For 35 years, the Goodman Theater’s A Christmas Carol has been a Chicago tradition like the Cubs’ losing or hotdogs without ketchup. These traditions work because they are classic, and for the most part, Tom Creamer’s adaption of A Christmas Carol works beautifully and effectively. The show is a retelling of Charles Dickens’ novel about a man, Ebenezer Scrooge, who has lost himself and the spirit of Christmas as he ages, and is forced to reevaluate his actions as he is visited by three ghosts, past, present, and future. Ultimately, Scrooge comes to realize the true meaning of kindness, generosity, and Christmas.
Equally as impressive as the richly decadent costumes and elaborate sets is Larry Yando’s transformation into Ebenezer Scrooge. With four previous seasons of experience, Yando still brings a fresh attitude to the role. He is best in his comedic scenes, where he seems most at ease. At the beginning of the piece, his attempts to be serious seemed a little affected, but when he is cracking jokes he could not seem more at home. He had the audience consistently laughing aloud, and was as endearing as the adorable Tiny Tim (played by Matthew Abraham) at times. Despite his acting seeming slightly forced when he is playing Scrooge at his crankiest, Yando does the role justice and always looks the part.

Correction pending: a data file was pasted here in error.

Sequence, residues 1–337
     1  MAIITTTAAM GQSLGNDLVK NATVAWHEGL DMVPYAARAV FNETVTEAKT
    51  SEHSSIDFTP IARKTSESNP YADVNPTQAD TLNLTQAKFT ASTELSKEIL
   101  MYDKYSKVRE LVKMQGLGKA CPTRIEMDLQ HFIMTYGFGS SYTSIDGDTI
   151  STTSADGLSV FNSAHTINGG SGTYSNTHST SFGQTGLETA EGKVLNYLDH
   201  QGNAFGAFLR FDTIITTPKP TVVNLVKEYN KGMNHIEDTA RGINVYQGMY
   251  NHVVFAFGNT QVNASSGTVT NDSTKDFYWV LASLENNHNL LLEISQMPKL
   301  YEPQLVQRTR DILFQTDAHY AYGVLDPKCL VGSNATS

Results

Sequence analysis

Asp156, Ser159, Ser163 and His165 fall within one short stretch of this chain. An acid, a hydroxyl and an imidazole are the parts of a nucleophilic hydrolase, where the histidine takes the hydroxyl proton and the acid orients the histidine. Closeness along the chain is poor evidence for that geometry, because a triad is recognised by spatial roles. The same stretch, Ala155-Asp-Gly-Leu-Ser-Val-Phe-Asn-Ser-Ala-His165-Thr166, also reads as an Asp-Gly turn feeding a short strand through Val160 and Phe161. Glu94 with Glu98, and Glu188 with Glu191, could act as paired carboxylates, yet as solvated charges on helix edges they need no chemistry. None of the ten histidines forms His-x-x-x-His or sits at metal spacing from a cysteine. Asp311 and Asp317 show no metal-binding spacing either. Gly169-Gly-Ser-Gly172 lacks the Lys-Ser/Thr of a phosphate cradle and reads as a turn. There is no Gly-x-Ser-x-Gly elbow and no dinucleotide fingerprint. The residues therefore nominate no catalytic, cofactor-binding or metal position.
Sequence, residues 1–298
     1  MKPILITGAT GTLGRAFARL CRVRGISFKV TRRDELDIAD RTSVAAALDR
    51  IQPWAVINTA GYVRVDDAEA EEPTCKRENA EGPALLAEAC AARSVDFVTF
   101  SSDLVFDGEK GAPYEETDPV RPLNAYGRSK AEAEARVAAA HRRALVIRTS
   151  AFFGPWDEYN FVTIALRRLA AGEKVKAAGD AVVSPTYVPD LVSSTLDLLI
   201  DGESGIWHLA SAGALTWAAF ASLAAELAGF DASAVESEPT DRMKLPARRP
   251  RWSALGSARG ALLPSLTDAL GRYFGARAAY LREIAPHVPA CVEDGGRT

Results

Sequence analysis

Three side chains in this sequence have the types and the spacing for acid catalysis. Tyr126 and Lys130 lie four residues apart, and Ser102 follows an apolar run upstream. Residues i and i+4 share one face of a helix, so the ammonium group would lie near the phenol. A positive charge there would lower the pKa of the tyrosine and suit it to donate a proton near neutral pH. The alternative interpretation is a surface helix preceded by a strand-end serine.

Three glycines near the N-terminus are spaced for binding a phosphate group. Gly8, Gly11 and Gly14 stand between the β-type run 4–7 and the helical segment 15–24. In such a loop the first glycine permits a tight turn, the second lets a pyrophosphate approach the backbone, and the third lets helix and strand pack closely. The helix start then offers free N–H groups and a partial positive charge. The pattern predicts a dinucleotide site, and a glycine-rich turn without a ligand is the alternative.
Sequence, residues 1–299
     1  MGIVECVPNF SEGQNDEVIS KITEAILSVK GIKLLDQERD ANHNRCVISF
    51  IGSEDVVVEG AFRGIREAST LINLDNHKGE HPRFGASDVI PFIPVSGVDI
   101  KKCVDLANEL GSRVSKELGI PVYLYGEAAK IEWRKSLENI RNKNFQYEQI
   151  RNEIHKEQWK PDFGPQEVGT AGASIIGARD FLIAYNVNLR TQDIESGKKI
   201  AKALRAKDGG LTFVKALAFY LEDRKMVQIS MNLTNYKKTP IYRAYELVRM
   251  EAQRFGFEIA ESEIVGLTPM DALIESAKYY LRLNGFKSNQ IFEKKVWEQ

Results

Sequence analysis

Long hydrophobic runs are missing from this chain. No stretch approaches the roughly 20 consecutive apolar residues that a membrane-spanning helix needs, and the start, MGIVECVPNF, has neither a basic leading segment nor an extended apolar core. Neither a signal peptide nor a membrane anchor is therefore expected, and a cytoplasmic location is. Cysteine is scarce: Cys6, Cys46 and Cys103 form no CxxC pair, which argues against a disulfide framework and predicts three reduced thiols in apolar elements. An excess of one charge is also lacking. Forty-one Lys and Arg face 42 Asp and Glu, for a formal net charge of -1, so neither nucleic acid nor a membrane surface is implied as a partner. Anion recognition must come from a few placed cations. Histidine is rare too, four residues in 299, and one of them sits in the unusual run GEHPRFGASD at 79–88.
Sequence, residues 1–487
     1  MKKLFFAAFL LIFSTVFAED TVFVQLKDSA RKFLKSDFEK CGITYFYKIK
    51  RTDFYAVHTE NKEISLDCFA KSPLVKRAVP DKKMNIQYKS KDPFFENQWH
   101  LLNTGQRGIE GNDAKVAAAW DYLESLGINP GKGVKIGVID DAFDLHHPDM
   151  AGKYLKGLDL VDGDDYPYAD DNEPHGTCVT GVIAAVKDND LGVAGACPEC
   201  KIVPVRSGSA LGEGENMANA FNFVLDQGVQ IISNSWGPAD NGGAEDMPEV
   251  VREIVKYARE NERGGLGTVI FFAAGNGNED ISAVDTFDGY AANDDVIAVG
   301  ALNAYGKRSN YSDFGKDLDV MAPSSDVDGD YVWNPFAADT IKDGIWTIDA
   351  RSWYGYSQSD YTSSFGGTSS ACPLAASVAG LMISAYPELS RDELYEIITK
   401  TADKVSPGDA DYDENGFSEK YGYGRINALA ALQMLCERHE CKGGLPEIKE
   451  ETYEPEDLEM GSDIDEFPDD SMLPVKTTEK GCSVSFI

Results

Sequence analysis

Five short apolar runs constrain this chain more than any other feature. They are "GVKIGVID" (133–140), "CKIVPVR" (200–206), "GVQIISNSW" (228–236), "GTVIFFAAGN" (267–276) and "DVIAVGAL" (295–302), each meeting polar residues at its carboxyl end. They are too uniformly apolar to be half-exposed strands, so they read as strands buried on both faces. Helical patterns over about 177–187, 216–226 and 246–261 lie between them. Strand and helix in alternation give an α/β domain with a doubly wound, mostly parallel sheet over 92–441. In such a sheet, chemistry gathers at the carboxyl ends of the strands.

The stellar ensemble also deserves credit for the overall success of the piece. Of particular note are Nora Fiffer and Ron Rains, who play Belle and Bob Cratchit respectively. They are both convincing and have excellent chemistry with Yando. I don’t know if Rains has children, but his clear love and devotion to Tiny Tim in the show are touching, and seem heartbreakingly real.
There are four live musicians onstage playing music as parts of several scenes. The violin is beautiful, and the every piece evokes a traditional British feeling. The use of such music also really helps to envelop the audience and bring them into each scene. In particular, I enjoyed the use of the music in the party scene at Mr. Fezziwig’s house. It made the scene so lively I was sitting in my seat bopping up and down to the rhythm.
The only time that A Christmas Carol wavers from heartfelt and spirited is when it strays from classic and attempts to incorporate technology into the scenes. Strobes lights are used several times throughout the play, and they seem superfluous and are nauseating. They blink quickly and furiously, and I personally found them over stimulating. Additionally, the Ghost of Christmas Past is decorated in something akin to large white Lite Brites, which are distracting when she is standing in the back of scenes. Her distorted voice also becomes very grating after she delivers her first to lines. By the time she had been on stage for three minutes, every time she opened her mouth it was like nails on a chalkboard for me.
Even with these few small missteps, A Christmas Carol will have you leave smiling and more excited about the holiday’s than department store Christmas music ever could.
The show is two hours and runs through Dec. 31st. It is suitable for children of all ages.